Czech health minister fired after getting country on road to recovery

Jan Blatný, photo: ČTK/Vít Šimánek

Health Minister Jan Blatný was dismissed from his post on Wednesday, in what is the third change-of-guard in the post since the start of the pandemic a year ago. In recent weeks the health minister had come under fire from the prime minister and president for refusing to allow the use of the unregistered Sputnik vaccine and imposing strict conditions for the use of experimental drugs to treat COVID-19 patients.

Health Minister Jan Blatný had remained tight lipped for weeks in the face of a barrage of criticism from the prime minister and repeated calls for him to be dismissed from the President Milos Zeman. Announcing his dismissal to the media on Wednesday the respected specialist in paediatric haematology said his conscience was clear.

“In my opinion the reason behind my dismissal was political, and the prime minister is perfectly entitled to make such a decision. I want to say that my conscience is clear. All the decisions that I made in office were based on my best professional judgement and medical opinions. One possible interpretation of the prime minister’s decision is that he too thinks that we are now over the worst.

Photo: ČTK/Dalibor Glück

Mr. Blatný went on to evaluate some of the decisions made, stressing that, unpopular as some of them were, without them the country would have almost certainly faced a disaster. He said the lockdown and restrictions on freedom of movement had been essential in further preventing the spread of new mutations and an uncontrolled increase in cases which would have otherwise led to the collapse of the health system. Blatný thanked health workers and paramedics, saying that thanks to their dedicated and selfless effort the health system had not folded under extreme strain and the Czech health system was now in a position to help others by taking in patients from abroad.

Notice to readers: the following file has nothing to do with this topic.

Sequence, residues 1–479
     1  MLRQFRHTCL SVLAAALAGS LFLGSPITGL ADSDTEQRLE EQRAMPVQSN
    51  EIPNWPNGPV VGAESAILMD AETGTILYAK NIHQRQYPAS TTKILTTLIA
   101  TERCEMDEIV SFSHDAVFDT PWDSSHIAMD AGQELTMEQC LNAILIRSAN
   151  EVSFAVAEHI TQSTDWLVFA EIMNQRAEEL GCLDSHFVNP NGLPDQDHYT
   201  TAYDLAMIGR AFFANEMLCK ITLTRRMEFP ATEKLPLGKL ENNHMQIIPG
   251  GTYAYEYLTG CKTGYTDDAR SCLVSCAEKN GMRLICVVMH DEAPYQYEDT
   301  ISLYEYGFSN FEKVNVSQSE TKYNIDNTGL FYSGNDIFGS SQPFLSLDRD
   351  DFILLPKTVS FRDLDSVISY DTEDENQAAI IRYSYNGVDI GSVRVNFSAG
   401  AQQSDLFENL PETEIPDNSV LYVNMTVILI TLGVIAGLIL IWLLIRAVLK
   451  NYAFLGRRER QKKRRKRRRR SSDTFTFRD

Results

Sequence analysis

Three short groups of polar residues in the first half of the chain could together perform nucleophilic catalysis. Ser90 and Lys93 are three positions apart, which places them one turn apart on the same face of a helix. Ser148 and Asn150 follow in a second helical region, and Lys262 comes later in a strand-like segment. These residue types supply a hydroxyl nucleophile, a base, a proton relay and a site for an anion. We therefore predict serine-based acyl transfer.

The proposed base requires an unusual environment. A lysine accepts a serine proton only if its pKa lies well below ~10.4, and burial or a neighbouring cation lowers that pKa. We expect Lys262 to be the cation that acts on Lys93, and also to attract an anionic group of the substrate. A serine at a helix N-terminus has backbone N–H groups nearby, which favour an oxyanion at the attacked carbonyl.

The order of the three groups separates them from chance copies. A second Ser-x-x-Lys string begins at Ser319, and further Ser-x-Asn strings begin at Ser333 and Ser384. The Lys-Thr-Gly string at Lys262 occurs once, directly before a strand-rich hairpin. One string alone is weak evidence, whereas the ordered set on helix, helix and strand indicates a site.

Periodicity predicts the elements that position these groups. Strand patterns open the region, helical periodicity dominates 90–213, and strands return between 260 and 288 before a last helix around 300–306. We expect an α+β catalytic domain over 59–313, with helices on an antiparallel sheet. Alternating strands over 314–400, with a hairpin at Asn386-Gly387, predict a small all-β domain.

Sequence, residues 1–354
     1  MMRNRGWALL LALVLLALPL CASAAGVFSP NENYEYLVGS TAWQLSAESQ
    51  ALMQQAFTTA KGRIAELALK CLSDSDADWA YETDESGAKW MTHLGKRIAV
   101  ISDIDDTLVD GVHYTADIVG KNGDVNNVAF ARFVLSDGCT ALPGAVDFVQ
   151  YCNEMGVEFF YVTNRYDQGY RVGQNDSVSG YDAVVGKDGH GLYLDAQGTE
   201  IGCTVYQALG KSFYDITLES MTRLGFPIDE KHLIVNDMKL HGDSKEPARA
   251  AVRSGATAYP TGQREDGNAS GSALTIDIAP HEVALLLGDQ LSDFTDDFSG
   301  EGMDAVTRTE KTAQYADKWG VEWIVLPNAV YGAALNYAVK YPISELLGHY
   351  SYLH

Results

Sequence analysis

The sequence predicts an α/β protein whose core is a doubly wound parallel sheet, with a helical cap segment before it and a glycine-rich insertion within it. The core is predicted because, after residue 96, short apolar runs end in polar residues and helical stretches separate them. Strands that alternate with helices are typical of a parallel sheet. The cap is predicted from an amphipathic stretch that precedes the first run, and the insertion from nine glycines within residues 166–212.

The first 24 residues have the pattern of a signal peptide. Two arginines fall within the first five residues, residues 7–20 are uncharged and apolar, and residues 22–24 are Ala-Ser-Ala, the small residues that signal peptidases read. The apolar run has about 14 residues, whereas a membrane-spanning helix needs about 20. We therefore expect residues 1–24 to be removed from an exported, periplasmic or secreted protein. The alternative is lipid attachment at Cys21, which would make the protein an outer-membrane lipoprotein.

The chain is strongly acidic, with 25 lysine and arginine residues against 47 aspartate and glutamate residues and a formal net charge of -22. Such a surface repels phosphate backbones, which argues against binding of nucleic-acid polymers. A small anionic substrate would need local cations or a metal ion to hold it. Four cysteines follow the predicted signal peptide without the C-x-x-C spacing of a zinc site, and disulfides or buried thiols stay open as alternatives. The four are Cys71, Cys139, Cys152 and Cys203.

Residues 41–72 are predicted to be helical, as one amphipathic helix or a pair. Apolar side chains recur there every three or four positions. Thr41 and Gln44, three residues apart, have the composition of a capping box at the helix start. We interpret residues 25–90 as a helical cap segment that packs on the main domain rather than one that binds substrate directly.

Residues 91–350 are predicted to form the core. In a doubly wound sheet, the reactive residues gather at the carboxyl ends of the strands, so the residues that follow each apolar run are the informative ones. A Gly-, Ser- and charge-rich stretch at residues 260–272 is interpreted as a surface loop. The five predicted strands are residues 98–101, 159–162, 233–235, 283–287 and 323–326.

The outgoing health minister warned against relaxing the strict measures too fast once the state of emergency in the country expires on April 11. He said that in cooperation with the Hygiene Office the ministry had prepared a new counter-epidemic system which should help secure a gradual and safe return to a normal life.

Finally the minister addressed the main reasons behind his dismissal –his adamant refusal to allow the use of the unregistered Sputnik vaccine and imposing strict conditions for the use of experimental drugs to treat COVID-19 patients.

“I have been unwavering in defence of my position that we only use registered vaccines – it is the only way to guarantee that they have been tried and tested and found to be safe and that they really work. The same goes for drugs used to treat Covid. To me it is vitally important that I know that the drug administered will not only help, but will not harm the patient.”

Mr. Blatný said that the ground was prepared for the country to push ahead with the inoculation process which was the only effective solution to the pandemic. He said that, ruling out unexpected fall-outs in deliveries, 70 percent of the population could be inoculated by the summer, enabling the country to return to normal.